The standards were developed to change the quality of life of small-scale farmers and plantation workers living below the extreme poverty line for the better. The development of standards is carried out by the Department of Standards of Fairtrade International. They are developed together with producers, distributors, and experts. The Fairtrade standards consist of core indicators and so-called development indicators. The core requirements must be met by each producer group to receive Fairtrade certification. After the initial certification, the producers must also meet the development requirements. These are more extensive and have among other things the goal to improve the organization and working conditions of the producers, but also to implement long-term measures to protect the environment.
What is Fairtrade in FAIR SQUARED products?
All ingredients of a product, which is available in a Fairtrade variant, must be added as a Fairtrade certified ingredient to the product. By cosmetics this means that if a formula for example calls for apricot oil, the used apricot oil has (if possible) to come from a Fairtrade producer. However, there are cosmetic ingredients that are not yet covered by the FLO system. This does however not mean that they are not or cannot be fairly produced. But because they are not covered by the FLO, they are not included in the Fairtrade percentage value that is declared on each product. Products that remain on and are absorbed by the skin (e.g. lotions) must have a Fairtrade percentage of at least 5%. For products that are rinsed off (e.g. soaps) is the minimum requirement at least 2%. At first glance, this does not look particularly “fair.”
However: There is no fair trade water, which by cosmetic products often make up about 90% of the content, and the Fairtrade content is measured by its wet weight. If the water was not counted, the Fairtrade percentage would naturally be much higher. That is unfortunate, but so are the Fairtrade regulations. Without water, the FAIR SQUARED cosmetics have an average Fairtrade percentage of more than 35%. The other percentages naturally make out other ingredients that are needed for qualitative cosmetics and that are not labelled by FLO. We stick to these ingredients, because our goal is to have the highest possible percentage of Fairtrade ingredients without loss of quality.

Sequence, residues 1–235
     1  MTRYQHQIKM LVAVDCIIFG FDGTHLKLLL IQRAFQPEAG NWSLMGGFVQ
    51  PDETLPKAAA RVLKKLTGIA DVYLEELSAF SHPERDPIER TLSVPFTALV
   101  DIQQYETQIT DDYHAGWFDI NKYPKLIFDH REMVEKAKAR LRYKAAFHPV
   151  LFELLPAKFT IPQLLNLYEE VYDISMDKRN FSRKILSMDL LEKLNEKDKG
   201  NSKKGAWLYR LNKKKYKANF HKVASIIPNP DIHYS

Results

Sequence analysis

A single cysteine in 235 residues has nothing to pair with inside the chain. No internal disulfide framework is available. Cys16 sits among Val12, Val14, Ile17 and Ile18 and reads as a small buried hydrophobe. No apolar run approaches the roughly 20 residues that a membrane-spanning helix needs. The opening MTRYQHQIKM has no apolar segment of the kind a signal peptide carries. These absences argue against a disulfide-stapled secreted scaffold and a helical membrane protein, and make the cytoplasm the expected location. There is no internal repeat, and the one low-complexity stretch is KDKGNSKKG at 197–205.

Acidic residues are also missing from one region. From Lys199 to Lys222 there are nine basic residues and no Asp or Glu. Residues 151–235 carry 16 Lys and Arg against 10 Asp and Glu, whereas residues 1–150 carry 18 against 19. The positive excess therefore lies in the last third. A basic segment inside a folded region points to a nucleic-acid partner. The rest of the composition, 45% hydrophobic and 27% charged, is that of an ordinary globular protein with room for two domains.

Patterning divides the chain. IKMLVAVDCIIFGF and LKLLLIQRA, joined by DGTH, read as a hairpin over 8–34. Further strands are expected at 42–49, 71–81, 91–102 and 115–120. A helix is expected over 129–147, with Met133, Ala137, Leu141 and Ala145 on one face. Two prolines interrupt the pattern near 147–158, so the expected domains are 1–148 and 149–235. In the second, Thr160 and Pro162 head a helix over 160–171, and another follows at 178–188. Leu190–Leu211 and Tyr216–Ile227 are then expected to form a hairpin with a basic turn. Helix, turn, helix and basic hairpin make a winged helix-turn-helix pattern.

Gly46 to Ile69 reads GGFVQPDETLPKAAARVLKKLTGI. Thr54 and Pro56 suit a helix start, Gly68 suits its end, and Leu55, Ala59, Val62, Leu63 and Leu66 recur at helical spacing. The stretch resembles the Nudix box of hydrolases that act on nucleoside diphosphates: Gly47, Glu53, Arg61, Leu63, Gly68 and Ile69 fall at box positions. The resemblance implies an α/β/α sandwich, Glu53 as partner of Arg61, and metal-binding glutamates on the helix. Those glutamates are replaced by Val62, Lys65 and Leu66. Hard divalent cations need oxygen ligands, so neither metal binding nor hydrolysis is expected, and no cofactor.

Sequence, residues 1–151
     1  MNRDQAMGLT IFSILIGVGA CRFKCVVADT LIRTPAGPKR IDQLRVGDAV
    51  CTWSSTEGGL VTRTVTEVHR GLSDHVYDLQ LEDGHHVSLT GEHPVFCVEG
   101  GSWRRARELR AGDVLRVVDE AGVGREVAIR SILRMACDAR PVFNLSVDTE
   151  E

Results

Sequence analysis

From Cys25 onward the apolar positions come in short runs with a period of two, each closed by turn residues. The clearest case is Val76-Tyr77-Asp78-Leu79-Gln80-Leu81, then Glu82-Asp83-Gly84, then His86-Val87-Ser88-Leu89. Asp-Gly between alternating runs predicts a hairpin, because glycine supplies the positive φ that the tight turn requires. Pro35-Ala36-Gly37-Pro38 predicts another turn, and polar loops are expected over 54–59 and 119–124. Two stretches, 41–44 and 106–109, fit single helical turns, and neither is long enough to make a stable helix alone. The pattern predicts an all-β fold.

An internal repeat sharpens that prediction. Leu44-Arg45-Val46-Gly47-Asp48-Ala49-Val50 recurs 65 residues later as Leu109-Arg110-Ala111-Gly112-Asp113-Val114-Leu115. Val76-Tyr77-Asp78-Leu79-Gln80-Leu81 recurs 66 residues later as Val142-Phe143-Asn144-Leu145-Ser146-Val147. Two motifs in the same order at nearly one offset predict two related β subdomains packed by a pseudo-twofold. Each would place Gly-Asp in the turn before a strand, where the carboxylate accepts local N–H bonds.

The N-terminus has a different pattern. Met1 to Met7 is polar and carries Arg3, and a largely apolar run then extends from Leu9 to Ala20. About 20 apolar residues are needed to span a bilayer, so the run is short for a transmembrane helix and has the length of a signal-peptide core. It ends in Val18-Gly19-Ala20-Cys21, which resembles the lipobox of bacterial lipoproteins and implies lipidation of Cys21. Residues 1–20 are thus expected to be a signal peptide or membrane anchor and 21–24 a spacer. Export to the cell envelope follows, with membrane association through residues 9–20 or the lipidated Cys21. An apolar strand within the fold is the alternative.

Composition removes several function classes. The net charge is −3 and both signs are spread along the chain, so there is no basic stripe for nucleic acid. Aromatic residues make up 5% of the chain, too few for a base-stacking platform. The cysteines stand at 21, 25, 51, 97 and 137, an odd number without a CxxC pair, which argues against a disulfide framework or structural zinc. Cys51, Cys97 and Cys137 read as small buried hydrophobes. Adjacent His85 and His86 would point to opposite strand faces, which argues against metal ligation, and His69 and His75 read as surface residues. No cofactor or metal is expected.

How are Fairtrade producers and traders controlled?
After the producer organisation has received the Fairtrade certification, it is annually controlled. The Fairtrade certificate must be renewed every three years, which comes with an extensive examination.
The certification FLO-CERT checks on site whether producers and traders comply with the Fairtrade standards and if the social, economic, and environmental standards are met. It also controls that the producer organisations are paid the fixed minimum price as well as a Fairtrade premium.
FLO-CERT is the independent certification company of Fairtrade International. The company certifies producers and distributors by the Fairtrade standards in over 115 countries. Inspectors are regularly on site and verify that the Fairtrade standards are adhered to.